Governor Jerry Brown recently returned from a trip to China, the purpose of which was to increase trade between the country and the Golden State. He was accompanied by 10 staffers. Sounds expensive, right? It no doubt was.
You might be wondering how strapped taxpayers could afford to foot the bill for such an international trip. Well, you need not ponder this issue. Brown did not travel on the public dime. Instead special interest groups footed the bill for his international voyage. These groups include the California Beer and Beverage Distributors, the California Hospital Association, Kaiser Foundation Health Plan, State Farm Insurance, Bank of America, Wells Fargo & Co., United Airlines, HSBC, and Siemens. No doubt, all of these groups would like to secure favorable treatment by the state.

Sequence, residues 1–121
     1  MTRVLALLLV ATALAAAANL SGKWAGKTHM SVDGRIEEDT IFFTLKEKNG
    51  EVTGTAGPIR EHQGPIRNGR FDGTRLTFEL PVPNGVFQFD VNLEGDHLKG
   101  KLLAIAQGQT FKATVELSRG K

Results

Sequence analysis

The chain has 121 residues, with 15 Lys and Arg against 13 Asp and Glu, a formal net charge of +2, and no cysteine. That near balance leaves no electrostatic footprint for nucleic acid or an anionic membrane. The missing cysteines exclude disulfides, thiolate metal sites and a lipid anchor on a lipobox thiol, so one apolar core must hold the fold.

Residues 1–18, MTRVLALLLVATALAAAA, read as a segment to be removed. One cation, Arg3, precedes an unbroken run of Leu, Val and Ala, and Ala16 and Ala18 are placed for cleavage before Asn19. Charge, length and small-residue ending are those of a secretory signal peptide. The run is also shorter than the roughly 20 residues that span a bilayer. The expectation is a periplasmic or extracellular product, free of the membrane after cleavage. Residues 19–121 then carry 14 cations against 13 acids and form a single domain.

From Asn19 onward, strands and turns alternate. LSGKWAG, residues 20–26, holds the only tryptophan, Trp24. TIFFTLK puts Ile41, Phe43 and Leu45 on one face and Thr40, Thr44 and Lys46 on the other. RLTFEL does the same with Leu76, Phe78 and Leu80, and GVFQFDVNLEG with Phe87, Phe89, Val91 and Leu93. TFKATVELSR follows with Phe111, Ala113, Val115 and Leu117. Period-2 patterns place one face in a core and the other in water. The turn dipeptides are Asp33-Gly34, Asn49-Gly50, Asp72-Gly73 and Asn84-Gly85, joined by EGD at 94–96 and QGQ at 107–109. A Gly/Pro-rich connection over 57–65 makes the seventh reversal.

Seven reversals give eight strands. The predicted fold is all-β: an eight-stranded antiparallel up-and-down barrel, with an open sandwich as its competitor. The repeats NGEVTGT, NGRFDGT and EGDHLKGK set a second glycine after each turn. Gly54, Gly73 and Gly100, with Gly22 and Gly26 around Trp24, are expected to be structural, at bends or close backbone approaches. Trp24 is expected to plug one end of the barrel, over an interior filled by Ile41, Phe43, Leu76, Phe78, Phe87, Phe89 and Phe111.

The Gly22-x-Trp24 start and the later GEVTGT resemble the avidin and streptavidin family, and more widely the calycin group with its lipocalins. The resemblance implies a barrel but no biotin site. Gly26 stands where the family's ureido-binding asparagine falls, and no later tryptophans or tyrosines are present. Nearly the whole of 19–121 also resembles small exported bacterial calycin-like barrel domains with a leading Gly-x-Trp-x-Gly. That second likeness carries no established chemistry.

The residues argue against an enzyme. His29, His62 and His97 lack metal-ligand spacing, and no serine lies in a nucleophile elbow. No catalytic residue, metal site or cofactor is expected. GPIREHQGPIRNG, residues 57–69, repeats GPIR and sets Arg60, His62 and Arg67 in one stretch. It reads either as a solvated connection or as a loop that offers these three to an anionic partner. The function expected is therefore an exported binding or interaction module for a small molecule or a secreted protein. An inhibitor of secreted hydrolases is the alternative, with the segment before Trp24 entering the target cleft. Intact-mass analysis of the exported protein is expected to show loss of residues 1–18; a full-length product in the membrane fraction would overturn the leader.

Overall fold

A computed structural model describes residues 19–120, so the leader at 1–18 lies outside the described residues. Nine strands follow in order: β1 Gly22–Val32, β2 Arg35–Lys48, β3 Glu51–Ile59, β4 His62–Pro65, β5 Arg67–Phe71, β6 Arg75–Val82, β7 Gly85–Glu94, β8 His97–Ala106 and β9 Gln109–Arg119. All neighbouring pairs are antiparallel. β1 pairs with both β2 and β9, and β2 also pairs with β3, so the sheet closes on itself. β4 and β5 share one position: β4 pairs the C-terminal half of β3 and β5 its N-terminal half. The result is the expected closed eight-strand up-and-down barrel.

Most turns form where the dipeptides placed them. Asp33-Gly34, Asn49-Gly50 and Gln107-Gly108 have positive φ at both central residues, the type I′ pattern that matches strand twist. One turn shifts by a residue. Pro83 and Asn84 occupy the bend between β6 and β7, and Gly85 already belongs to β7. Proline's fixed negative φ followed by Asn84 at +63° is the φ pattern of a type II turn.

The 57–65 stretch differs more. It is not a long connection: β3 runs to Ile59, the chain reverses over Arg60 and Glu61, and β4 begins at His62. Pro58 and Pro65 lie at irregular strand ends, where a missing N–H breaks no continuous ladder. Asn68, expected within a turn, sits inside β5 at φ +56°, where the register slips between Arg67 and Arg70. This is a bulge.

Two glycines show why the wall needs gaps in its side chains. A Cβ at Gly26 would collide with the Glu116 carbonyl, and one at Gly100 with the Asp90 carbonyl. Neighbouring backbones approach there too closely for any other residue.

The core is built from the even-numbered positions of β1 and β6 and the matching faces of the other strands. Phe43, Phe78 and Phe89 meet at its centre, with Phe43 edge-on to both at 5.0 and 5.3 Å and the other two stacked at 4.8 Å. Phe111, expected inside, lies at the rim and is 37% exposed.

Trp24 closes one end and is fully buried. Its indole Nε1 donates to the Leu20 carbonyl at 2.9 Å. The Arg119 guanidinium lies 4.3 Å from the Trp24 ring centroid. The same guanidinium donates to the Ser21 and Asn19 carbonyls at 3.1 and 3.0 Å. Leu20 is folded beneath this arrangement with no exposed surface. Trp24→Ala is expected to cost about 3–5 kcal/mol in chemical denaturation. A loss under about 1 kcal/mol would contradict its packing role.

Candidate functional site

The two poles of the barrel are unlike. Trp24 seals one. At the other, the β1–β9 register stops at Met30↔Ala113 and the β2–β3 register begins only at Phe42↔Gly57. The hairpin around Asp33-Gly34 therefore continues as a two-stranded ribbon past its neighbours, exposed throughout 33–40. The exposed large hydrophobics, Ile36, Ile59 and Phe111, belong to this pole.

Many smart people have voiced concern over this arrangement. It strains common sense to think that special interests that lobby state officials do not want something from Brown in return for their generosity. By definition, lobbyists would not do their jobs if they did not attempt to persuade public officials. There is nothing illegal about this set up. One problem, however, is that those without money or lobbyists do not gain the same access and/or ability to influence their elected officials.
So is the solution, as some have proposed, to prohibit special interests from funding these trips? Well, that also raises concerns. For one, the state is not exactly flush with money, and whenever we can save taxpayer dollars, we should. For another, these trips can serve important purposes: If Brown is able to increase trade and revenue, it would be very difficult to say that the trip did not pay off. It would be a shame for Brown and other officials to miss out on these trips all together.
As with so many other issues related to campaign finance, ethics, conflicts of interest, and lobbying, the decision of where and how to draw a line is a difficult one.